Representative examples of compounds which can be represented by general formula (I) are indicated below, but the invention is not limited to these examples:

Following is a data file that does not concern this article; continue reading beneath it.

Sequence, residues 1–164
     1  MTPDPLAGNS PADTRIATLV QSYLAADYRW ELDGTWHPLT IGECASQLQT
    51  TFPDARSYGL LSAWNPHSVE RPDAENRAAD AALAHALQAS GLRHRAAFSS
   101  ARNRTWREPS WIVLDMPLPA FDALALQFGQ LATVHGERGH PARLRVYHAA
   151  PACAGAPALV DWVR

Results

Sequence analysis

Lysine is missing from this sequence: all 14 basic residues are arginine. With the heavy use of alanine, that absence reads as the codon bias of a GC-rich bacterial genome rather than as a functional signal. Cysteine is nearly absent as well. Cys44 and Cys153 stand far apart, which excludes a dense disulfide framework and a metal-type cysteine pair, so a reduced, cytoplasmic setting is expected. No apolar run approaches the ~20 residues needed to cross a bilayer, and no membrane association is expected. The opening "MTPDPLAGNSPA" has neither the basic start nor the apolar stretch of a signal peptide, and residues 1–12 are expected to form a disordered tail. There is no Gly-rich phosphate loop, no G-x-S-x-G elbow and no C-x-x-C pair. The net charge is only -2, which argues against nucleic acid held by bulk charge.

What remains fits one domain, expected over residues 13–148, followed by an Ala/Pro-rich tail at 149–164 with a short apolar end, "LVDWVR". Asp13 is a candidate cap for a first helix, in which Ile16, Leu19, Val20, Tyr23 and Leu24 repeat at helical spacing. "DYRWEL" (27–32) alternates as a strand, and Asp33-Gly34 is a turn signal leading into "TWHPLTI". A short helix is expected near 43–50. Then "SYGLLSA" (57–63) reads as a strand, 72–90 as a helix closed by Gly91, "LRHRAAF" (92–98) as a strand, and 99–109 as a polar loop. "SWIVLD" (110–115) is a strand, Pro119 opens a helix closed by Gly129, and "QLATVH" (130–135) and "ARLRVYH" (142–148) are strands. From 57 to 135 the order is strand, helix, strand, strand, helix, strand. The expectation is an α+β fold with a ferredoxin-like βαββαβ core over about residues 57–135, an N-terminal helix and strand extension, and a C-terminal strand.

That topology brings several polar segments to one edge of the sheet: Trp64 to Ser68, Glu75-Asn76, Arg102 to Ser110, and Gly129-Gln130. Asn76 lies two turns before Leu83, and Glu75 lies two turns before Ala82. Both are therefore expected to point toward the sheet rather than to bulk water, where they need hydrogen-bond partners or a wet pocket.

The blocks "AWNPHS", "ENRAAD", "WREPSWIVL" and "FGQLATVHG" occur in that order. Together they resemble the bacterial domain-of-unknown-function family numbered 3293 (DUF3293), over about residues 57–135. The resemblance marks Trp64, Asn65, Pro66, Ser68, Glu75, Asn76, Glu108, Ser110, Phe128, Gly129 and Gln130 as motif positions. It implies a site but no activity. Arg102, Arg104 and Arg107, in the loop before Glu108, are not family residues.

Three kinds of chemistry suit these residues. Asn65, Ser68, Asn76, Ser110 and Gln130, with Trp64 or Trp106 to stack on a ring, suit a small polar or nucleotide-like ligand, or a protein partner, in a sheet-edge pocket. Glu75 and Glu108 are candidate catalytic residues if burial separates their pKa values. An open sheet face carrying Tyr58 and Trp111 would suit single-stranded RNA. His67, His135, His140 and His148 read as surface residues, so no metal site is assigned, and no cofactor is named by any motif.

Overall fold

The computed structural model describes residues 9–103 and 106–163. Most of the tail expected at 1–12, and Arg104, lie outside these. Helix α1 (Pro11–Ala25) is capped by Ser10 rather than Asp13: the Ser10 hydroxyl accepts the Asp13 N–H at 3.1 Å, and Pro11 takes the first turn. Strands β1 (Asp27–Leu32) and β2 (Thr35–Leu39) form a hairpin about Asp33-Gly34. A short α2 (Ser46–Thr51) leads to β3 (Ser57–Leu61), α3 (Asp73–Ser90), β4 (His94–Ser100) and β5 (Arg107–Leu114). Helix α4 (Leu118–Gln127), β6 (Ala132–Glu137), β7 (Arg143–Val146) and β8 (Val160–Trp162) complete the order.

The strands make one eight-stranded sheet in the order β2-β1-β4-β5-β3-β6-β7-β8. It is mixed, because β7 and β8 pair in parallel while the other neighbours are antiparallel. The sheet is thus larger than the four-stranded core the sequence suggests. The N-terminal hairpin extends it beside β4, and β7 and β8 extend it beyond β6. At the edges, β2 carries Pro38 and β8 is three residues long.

__________________________________________________________________________ ##STR3##CompoundNo.   V3    V4                V1    V2                               Z3__________________________________________________________________________(I-1) H          Me  H          Me  S(I-2) H          Me  H          OMe S(I-3) H          Me  OMe        Me  S(I-4) H          Me  Me         Me  S(I-5) H          Me  OMe        OMe S(I-6) Me         Me  OMe        OMe S(I-7) (CH2)4                OMe        OMe S(I-8) H          Me  Me         H   O(I-9) H          Me  OMe        H   O(I-10) H          Me  Me         OMe O(I-11) H          Me  OMe        OMe O(I-12) H          Me  Me         Me  O(I-13) Me         Me  Me         Me  O(I-14) (CH2)4                Me         Me  O(I-15) H          Me  Me         Me  Se(I-16) H          Me  OMe        OMe SeMe = CH3__________________________________________________________________________ ##STR4##CompoundNo.   R1        R2 R3   Z3                            V1V 2                                 M1                                    m1__________________________________________________________________________(I-17) Et     Et      (CH2)4 SO3 -                          S Me   -- --(I-18) Et     Me      CH2 CO2 H                          S OMe  I-                                    1(I-19) Me     Ph      CH2 CON.sup.⊖ SO2 Me                          S Me   -- --(I-20) (CH2)4 SO3 -        Et      (CH2)4 Me                          S Et   -- --(I-21) Et     CH2 CO2 H                Et        S OEt  Br-                                    1(I-22) (CH2)4 SO3 -        Et      (CH2)4 SO3 -                          O Me   Na+                                    1(I-23) (CH2)3 Me        CH2 CHCH2                (CH2)2 OMe                          O OMe  Br-                                    1(I-24) (CH2)2 OH        (CH2)2 OH                (CH2)2 OH                          O Me   I-                                    1(I-25) Et         ##STR5##                Et        O Me   I-                                    1(I-26) Me     CH2 CO2 H                Et        O Me   I-                                    1(I-27) Et     Et      (CH2)4 SO3 -                          Se                            Me   -- --(I-28) Et     (CH2)2 SO3 -                (CH2)2 CO2 H                          Se                            OMe  -- --Et = C2 H5 ##STR6##__________________________________________________________________________(I-29) ##STR7##(I-30) ##STR8##(I-31) ##STR9##(I-32) ##STR10##(I-33) ##STR11##(I-34) ##STR12##__________________________________________________________________________